comment:23 Changed 10 years ago by diver

Yes, it's quad core, see ticket #4427. Anything else I could try?

comment:24 Changed 10 years ago by mmlr

I can only imagine it to be a MTRR issue. If some of the variables involved in startup code are set to cached then this can cause problems as soon as more than one CPU is involved. Adding an MTRR dump to the early output could verify that. Let me prepare a patch.

Changed 10 years ago by mmlr

Attachment: boot_mtrr_dump.diff added

comment:25 Changed 10 years ago by mmlr

Can you please apply the boot_mtrr_dump patch and capture the early debug output again? It should be the very first thing dumped. Just the lines starting with "mtrr" are of interest.

comment:26 Changed 10 years ago by diver

Sorry for the long delay, here it is:

mtrr: 7 variable ranges
mtrr: default type: 0xc06 (write-back, variable enabled, fixed enabled)
mtrr: entry 0 : base:  0xcf300000; lenght: 0x1007ff; type: 0 uncacheable
mtrr: entry 1 : base:  0xcf400000; lenght: 0x4007ff; type: 0 uncacheable
mtrr: entry 2 : base:  0xcf800000; lenght: 0x8007ff; type: 0 uncacheable
mtrr: entry 3 : base:  0xd0000000; lenght: 0x100007ff; type: 0 uncacheable
mtrr: entry 4 : base:  0xe0000000; lenght: 0x200007ff; type: 0 uncacheable
mtrr: entry 5 : base:  0xcf278000; lenght: 0x17ff; type: 6 write-back
mtrr: entry 6 : empty

Changed 10 years ago by mmlr

Attachment: mtrr_uncachable.diff added

comment:27 Changed 10 years ago by mmlr

It looks like the MTRRs are basically fine. It seems common for newer Intel BIOSes to use the "cachable default and then mask out uncachable parts"-approach. Traditionally this has been the other way around. But since the ranges marked uncacheable look fine it shouldn't pose a problem. I've added another patch that sets the default to uncacheable in any case. It likely won't change anything as it will only update the MTRRs on the boot CPU which probably isn't at fault here. A possibility is that the non-boot CPUs have set their MTRRs differently or even invalid, which is hard to debug or correct though.

Still it'd seem strange that the CPU count would go corrupt due to caching behaviour, as the values are filled from the boot CPU which seems to be fine in this regard. I see the problem is with the spin loop as spin does relay on system_time() which isn't really set up this early. I'm running out of options on how the get debug output from such a stage though. There's no serial so the early output won't go anywhere and there is no on-screen debug yet either. What you could try is adding a reboot in case an unexpected CPU count is determined like so:

if (bootKernelArgs->num_cpus != 4) panic("will reset");
while (true);

Adding that to the place you had the loop before in _start(). This will either panic (and therefore reboot because nothing is setup to handle the panic) or it will hang. If it hangs then the cpu count is setup fine, if it reboots something's up.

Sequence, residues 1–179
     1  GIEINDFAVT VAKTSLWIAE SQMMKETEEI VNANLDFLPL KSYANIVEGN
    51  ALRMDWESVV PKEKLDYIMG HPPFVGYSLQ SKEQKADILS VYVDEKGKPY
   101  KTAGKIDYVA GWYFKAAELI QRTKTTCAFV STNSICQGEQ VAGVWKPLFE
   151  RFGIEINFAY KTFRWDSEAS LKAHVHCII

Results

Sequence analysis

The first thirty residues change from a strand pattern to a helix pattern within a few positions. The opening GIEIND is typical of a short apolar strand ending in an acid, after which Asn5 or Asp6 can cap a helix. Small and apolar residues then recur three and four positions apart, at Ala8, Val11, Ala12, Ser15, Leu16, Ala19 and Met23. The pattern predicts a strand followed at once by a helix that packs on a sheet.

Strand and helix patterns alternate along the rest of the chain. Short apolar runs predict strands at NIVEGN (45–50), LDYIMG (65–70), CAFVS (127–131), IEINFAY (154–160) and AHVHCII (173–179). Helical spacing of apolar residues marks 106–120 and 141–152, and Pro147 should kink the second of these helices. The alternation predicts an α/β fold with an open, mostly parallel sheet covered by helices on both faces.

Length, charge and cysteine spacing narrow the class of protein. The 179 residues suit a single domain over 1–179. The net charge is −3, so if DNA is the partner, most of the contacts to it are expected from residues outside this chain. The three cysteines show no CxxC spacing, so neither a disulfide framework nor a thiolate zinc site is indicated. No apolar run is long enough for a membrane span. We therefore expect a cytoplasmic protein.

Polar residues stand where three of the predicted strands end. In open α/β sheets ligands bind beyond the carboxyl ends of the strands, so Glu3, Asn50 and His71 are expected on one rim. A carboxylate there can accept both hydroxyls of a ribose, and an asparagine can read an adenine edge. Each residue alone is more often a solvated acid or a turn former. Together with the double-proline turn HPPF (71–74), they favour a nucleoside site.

comment:28 Changed 10 years ago by diver

After adding

if (bootKernelArgs->num_cpus != 4) panic("will reset");
while (true);

It hangs now. Should I apply mtrr_uncachable.diff?

comment:29 Changed 10 years ago by diver

ping!

comment:30 Changed 10 years ago by jackburton

Is it correct that the apic_phys and ioapic_phys are the same address ? I mean:

smp: apic_phys = 0xfee00000
smp: ioapic_phys = 0xfee00000

comment:31 Changed 10 years ago by diver

It could be a type, do you want me to check again?

comment:32 Changed 10 years ago by diver

aghrrr, type==typo

comment:33 Changed 10 years ago by jackburton

So you typed that stuff yourself ? Sorry, I thought you got that from serial output. Then could be a typo, indeed.

comment:34 Changed 10 years ago by diver

mmlr, is there anything else I could do? Current revision is still no-go.

comment:35 Changed 9 years ago by diver

Version: R1/pre-alpha1R1/Development

comment:36 Changed 9 years ago by diver

Just my usual nudging once in 3 month :-)

comment:37 in reply to:  36 Changed 9 years ago by mmlr

Replying to diver:

Just my usual nudging once in 3 month :-)

I'm still rather clueless, sorry. I presume there hasn't been another BIOS update yet?

comment:38 Changed 9 years ago by diver

There is another update - 1126, but it behaves the same unfortunately.

comment:39 Changed 9 years ago by bonefish

It doesn't seem related, but I guess it doesn't harm to test after the changes made in hrev35726 and hrev35736.

comment:40 Changed 9 years ago by diver

Awesome! I just updated to hrev35758 and it doesn't reboot anymore! It KDL'ed somewhere near the last icon with some MTRR message, but this would be another problem. Please close this one. Thanks a lot!

comment:41 Changed 9 years ago by bonefish

Resolution: fixed
Status: newclosed

Thanks for the update!

comment:42 Changed 9 years ago by bonefish

Forgot to mention: The MTRR panic() should be continuable (might happen several times till fully booted, though). When you open a new ticket for it, a syslog would be helpful.